Give it to me straight: does a carbon tax hit lower-income families harder?
by Mel Cappe
It’s a good question: if we tax carbon, will lower-income Canadians end up paying proportionately more than their wealthier neighbours?
Let’s start by looking at the objective of a carbon tax. What we’re trying to do is make sure people consider the real cost of using fossil fuels, including the environmental cost of the greenhouse gas emissions those fuels create. When consumers pay the full cost, they’ll make wise choices.
However, we don’t want low-income Canadians to be unduly disadvantaged by a carbon tax.
The fact is that poorer families spend a larger share of their income to heat their homes than wealthier families do. If we go ahead and tax fossil fuels, people with lower incomes will pay even more to stay warm.
So what do we do? We need to add protection for lower-income Canadians — but it has to be the right kind of protection. The answer is not a carbon subsidy, where people who earn less pay less for the fuel they use. We still want to encourage everyone, regardless of income, to find the least carbon-intensive ways of heating their homes, traveling to work and so on.
The better solution is to give some of the carbon tax revenue back to low-income families in a grant that’s tied to income, rather than the amount of fossil fuel they use. That’s exactly what B.C. has done with its low income climate action tax credit.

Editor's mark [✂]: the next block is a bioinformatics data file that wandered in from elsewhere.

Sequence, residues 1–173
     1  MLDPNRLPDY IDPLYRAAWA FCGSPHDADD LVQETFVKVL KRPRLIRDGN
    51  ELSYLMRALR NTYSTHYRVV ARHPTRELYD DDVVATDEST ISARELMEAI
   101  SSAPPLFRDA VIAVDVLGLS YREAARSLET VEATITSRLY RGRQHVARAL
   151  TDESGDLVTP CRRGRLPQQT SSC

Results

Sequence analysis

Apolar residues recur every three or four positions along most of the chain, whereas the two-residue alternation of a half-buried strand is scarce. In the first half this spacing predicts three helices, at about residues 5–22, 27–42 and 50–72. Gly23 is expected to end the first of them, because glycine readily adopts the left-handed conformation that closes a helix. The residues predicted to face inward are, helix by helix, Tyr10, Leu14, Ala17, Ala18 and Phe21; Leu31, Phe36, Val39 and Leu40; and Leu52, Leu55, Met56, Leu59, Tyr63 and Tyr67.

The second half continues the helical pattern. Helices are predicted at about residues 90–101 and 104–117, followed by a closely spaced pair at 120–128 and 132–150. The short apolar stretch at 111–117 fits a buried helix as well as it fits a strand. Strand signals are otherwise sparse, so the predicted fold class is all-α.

It’s also true that lower-income Canadians have fewer discretionary choices. Heating with natural gas produces less carbon emissions than heating with oil, for example, but if you’re renting an apartment, you probably don’t have any control over the type of heat you use.
The point here is that we’re not trying to solve climate change for next year. This is a big problem, and we’re aiming for long-term solutions. So let’s look at what’s going to happen to the housing stock over the long run if we tax carbon.
We’re going to see more people insulating their houses. We’re going to see more people switching from oil to natural gas. We’re going to see more people installing solar panels. Over the long run, the housing stock will adapt, along with the kinds of cars we drive, the buses we use and so on. And that gives everybody better options.
What we’re trying to do is send the right price signals, so consumers consider climate consequences of their decisions. With the right protections in place for lower-income families, pricing carbon does just that.
To learn more about carbon pricing and how this is a cost-effective way to reduce GHG emissions, check out the interactive summary of our report “The Way Forward: A Practical Approach to Reducing Canada’s Greenhouse Gas Emissions“.
About the Author
Mel Cappe is a professor at the University of Toronto, in the School of Public Policy and Governance, as well as a Commissioner of Canada’s Ecofiscal Commission.